Third Grade Variety Show Helps Make a Difference in the World
Episcopal third graders recently used their talents and skills to make a difference in the world. After a project-based learning unit on entrepreneurship, the students organized the second annual “So, You Think You’ve Got Talent?” variety show. All proceeds from the sale of show souvenirs were used to support the Episcopal Relief and Development Fund. Students generated more than $500 to support a variety of livestock and emergency supplies for a village on the other side of the globe. Third grade teacher Amy Arceneaux says it was great to see the students learn that they can make a difference in the world, even at a young age.
“This unit has put an impact on me because now I want to start a business of my own. Also it felt really good to know that we were able to help. We were able to let people know about our cause and then got them to help us.” Sophie
“I learned that it takes a team to make a show.” Tiffany
Such a successful project leaned on the support of the entire Episcopal community. Guest speakers were brought in to share their knowledge on topics such as creating an effective business plan, marketing a product or company and managing a budget. A special thanks to all of this year’s experts: Craig Gehring, founder of ACT Mastery Prep; Mollie Hill and Glynes Hyde, owners of Red Beans and Alex Kathleen; marketing consultant Juan Simoneaux; Bailey Wax and her friends at Fagan Films; Leah Duval, owner of Salsbury Dodge City; Kellie Bruce, Sarah Foret and Katie Ebey from the Episcopal Business Office and Joey Roth, creator of Jars for Change. In addition, teachers from across the Episcopal campus also helped make the project a meaningful experience for students by helping with performances and sharing expertise.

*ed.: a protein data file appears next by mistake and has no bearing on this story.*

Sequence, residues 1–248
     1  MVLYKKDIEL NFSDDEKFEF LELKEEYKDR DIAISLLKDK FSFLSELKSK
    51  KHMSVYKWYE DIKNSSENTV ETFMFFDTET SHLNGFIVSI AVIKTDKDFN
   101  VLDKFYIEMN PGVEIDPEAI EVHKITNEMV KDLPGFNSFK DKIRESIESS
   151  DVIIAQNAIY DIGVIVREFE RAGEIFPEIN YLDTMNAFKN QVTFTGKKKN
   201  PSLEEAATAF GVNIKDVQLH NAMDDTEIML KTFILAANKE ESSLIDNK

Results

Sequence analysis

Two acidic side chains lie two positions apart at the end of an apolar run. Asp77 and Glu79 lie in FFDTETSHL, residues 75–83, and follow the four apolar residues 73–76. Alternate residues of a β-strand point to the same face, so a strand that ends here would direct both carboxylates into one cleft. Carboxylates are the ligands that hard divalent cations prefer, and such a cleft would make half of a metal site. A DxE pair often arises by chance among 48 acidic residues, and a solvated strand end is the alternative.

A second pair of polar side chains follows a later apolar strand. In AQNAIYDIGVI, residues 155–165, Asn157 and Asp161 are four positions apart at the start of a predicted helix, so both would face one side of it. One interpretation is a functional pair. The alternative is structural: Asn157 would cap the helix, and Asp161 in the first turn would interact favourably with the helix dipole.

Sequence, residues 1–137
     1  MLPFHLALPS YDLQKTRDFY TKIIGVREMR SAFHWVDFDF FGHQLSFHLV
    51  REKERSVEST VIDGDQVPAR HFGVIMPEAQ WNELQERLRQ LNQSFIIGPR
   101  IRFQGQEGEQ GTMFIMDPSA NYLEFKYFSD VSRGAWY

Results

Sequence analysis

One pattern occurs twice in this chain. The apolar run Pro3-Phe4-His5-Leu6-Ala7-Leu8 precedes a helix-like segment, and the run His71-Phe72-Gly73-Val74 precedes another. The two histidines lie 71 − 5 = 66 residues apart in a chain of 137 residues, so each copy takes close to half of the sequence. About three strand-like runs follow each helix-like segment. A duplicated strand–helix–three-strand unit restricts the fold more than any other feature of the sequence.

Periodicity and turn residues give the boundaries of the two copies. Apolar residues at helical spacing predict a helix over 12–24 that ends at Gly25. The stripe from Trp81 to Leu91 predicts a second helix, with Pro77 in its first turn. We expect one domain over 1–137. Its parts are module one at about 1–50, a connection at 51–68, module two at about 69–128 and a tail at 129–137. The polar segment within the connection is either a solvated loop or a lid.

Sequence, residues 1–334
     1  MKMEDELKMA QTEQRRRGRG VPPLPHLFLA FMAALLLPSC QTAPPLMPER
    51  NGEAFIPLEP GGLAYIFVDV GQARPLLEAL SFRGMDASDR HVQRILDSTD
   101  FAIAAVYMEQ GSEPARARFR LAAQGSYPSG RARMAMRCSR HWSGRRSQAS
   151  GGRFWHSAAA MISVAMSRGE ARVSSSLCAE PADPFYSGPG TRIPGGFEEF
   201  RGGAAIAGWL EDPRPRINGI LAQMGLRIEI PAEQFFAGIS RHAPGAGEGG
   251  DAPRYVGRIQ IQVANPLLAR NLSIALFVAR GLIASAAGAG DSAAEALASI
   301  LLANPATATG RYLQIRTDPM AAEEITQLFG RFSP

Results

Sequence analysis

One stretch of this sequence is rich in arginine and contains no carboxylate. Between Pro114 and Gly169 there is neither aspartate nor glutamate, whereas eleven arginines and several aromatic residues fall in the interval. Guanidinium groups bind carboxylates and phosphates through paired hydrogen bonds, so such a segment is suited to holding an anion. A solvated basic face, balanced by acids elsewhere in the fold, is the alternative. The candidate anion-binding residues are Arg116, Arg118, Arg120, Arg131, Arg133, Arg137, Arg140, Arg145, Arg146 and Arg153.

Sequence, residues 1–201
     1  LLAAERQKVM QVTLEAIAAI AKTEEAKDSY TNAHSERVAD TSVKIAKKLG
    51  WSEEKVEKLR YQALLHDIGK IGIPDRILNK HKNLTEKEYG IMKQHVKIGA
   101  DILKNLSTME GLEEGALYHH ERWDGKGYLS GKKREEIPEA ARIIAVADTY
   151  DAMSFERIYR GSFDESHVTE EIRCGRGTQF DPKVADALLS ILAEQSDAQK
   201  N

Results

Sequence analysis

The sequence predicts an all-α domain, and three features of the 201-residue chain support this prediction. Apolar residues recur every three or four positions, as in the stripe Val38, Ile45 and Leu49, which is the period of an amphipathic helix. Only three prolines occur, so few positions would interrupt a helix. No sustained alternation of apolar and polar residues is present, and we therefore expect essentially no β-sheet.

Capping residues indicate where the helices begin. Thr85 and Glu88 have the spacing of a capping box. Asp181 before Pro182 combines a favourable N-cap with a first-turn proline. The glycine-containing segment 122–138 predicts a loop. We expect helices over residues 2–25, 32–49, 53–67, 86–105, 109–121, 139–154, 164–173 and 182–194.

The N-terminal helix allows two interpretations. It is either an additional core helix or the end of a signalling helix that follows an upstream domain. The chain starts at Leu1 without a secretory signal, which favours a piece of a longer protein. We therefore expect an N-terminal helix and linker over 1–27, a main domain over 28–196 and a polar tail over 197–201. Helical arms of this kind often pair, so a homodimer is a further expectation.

Students clearly took what they learned to heart. They starred in a promotional video, created an event program, served as announcers and worked behind-the-scenes to keep everything running smoothly. They also wrote the scripts, organized the event and then performed in front of the entire Lower School in the VPAC theater. On performance day, these eight and nine year olds were brave, confident and even witty. Students played violin, piano, danced and showcased their art. One student even wrote and sang an original song. The acts elicited clapping, tapping and a few tears from proud families and friends.
The show ended on a powerful note. All 40 third graders took to the stage to sing the timeless classic “Lean On Me”. It was an appropriate ending for a project that exemplified such support and community, both locally and globally.
After the event ended there was no doubt that yes, Episcopal third graders do have talent!
Littlest Knights Celebrate Nursery Rhymes With Olympic Flair
Enthusiast shouts of “hi mom” and “hi dad” could be heard from the PreK-4 Nursery Rhyme Olympics medal ceremony this week. Students proudly held their homemade Olympic torches aloft as the National Anthem rang out across the Episcopal softball field. Not unlike their grown up Olympic counterparts, the four year olds were eager to wave and speak with their number one fans, who were proudly waiting in the bleachers.
Before competing in the athletic portion of the Nursery Rhyme Olympics, students recited lines from their favorite nursery rhyme. The little Olympians were dressed as everything from Humpty Dumpty and Jack Be Nimble to Twinkle Little Star and the Itsy Bitsy Spider. They remembered their rhymes and delivered them well on the Greer Center stage.
Out on the softball field the students tackled obstacles including the Mother Goose Waddle, the Jack and Jill Bucket Toss and the Jack Be Nimble Jump. The students truly brought their nursery rhymes to life and had a great time learning.
The Olympics never looked so cute!